Steve Byrd, the guitarist in the original line-up of Gillan, sadly passed away on Sunday 2nd October after suffering a fatal heart attack while on a short break in Munich. He was 61-years-old.
Byrd joined the Afro-fusion prog rock band Zzebra for their second album, ‘Panic’, after being recommended by his friend and keyboardist Tommy Eyre, who himself would much later perform in Ian Gillan’s solo band for the ‘Naked Thunder’ tour.
Zzebra also featured future Gillan members John McCoy on bass and drummer Liam Genockey, and with them Byrd would record another album, ‘Take It Or Leave It’, in 1975, performing at the Reading Festival the same year.
In 1978 he joined the new wave band Neo who recorded an album in Ian Gillan’s Kingsway studio in London. The then former Deep Purple vocalist had heard them record in the studio and asked Byrd and bassist John McCoy to join his own new band Gillan. That led to a step in the more hard rock direction, away from the jazzier Ian Gillan Band.
The band recorded their debut album in 1978. It was not released in the UK but sold well in Japan and Australia and many imported copies were sold in the UK following rave reviews. The album is now highly regarded as the ‘The Japanese Album’ by many fans.
Steve Byrd left Gillan to be replaced by Bernie Torme. Gillan then released their first official album ‘Mr Universe’ in 1979 which featured many alternative versions of songs that originally featured on the ‘Gillan’ album. However it was decided that ‘Fighting Man’ was not to be re-recorded and Steve Byrd’s blistering guitar solo was kept in place.
In 1982 Byrd joined the highly successful pop singer Kim Wilde and became a long-term member of Kim’s backing band for over a decade. With Kim Wilde he co-wrote the hit singles ‘Another Step (Closer To You)’, ‘Hey Mister Heartache’ and many other album tracks.
One of the biggest tours with Kim Wilde was supporting Michael Jackson on his ‘Bad’ tour in 1988, performing in stadiums across Europe.
In the 1990s Steve Byrd was also a member of 4 Bills And A Ben who featured at various times Status Quo members John ‘Rhino’ Edwards and Jeff Rich.
In later years Byrd continued to tour with many artists from the 80s pop and new wave scene. He was also the MD of his own Byrdsongs record label.
John McCoy today told MetalTalk: “I loved the guy and spoke to him just three days ago…
“I first met Steve when he joined Zzebra in the early seventies. He was only seventeen and stunned us all with his talent, live and recorded. We continued to work together on many sessions and notably it was while working on an album I was producing and bass playing at Kingsway recorders for his band Neo that I introduced him to Colin Towns and from there myself, Steve and Zzebra drummer Liam Genockey were asked to record the first Gillan album (the Japanese album).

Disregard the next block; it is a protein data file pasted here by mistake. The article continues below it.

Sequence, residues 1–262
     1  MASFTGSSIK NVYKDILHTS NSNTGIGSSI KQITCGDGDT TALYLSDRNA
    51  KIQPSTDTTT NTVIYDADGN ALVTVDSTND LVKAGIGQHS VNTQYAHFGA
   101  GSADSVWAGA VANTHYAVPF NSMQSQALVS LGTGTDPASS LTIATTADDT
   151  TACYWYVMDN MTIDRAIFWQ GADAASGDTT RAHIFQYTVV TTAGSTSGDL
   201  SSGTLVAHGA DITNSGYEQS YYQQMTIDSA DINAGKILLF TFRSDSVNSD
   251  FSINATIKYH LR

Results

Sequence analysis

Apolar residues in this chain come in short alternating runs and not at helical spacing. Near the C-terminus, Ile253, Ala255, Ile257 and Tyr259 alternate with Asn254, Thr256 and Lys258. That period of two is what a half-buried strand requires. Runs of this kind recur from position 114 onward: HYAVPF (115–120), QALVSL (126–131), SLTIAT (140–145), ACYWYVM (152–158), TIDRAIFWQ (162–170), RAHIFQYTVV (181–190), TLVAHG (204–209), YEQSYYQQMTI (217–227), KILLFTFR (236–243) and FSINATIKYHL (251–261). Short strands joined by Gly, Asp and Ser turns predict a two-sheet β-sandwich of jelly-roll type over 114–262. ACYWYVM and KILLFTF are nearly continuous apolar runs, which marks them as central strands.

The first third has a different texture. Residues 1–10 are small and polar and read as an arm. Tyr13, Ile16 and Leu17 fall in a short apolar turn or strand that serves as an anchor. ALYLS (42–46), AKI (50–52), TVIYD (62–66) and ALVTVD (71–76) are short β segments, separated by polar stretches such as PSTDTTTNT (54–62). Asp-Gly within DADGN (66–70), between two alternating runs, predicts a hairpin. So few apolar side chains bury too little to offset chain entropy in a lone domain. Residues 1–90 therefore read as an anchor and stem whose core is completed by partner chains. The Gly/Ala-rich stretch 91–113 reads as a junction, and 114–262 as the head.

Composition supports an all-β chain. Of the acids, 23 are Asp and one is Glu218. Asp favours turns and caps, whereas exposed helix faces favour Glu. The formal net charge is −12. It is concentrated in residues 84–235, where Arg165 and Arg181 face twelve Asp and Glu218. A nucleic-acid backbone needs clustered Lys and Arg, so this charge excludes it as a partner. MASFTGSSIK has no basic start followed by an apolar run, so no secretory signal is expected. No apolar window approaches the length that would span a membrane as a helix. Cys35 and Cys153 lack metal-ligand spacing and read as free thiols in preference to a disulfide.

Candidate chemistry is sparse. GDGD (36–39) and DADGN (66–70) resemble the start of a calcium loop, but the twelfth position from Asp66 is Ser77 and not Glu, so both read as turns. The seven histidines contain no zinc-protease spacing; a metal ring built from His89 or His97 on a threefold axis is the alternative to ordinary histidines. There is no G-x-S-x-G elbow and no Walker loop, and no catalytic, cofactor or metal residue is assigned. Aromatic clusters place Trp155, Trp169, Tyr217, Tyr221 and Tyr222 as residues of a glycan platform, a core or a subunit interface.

“Steve’s playing on that was immaculate. I recommend checking out the track ‘Fighting Man’ from that. After being asked to form a permanent Gillan line-up he and I joined, although Liam declined to join on a permanent basis.
“We did British and Japanese tours before he was replaced by my other mate Bernie Torme! Reason? Well a more ‘Rock guitar hero’ was needed and the rest is history.
“As I write I’m in tears remembering all the times we had together. Steve next appeared with Kim Wilde, ‘Kids In America’ and all that… I have to stop now…
“Steve was living in Spain where he moved last year, still playing great. We remained friends to this sad day.”
Bernie Torme, who replaced Steve Byrd in Gillan, also spoke to MetalTalk today: “I’m devastated about it. He was such a lovely guy and I’ll never forget how nice he was to me when they sacked him and got me in. That takes a big person and I loved him for it, because I felt bad about that.
“We last talked on Facebook just a week or so before his death. he was also four or five years younger than me! And a really healthy guy. It’s just so tragic.”
“Its one of those usual music industry examples of a guy who did not get his due credit. The Japanese Album was the template on which Ian’s and our breakthrough, ‘Mr Universe’, was built. While there were new songs on ‘Universe’, the Japanese album and those original songs were what it was built on. He never got the kudos for being part of building that sound.”
Bernie also spoke fondly about Steve Byrd on his Facebook page upon hearing the sad news, saying: “…I told him a couple of months ago that I thought ‘Fighting Man’ on the ‘Mr Universe’ album, on which he played on, was the best track on that album. True that. It was.
“We had tried to re-record it and we couldn’t come close. I am truly devastated by Steve’s passing, he was one of the best, and a gentle soul, and one who never really got the credit. RIP Steve, I will miss you. All my deepest sympathies to your family friends and loved ones.”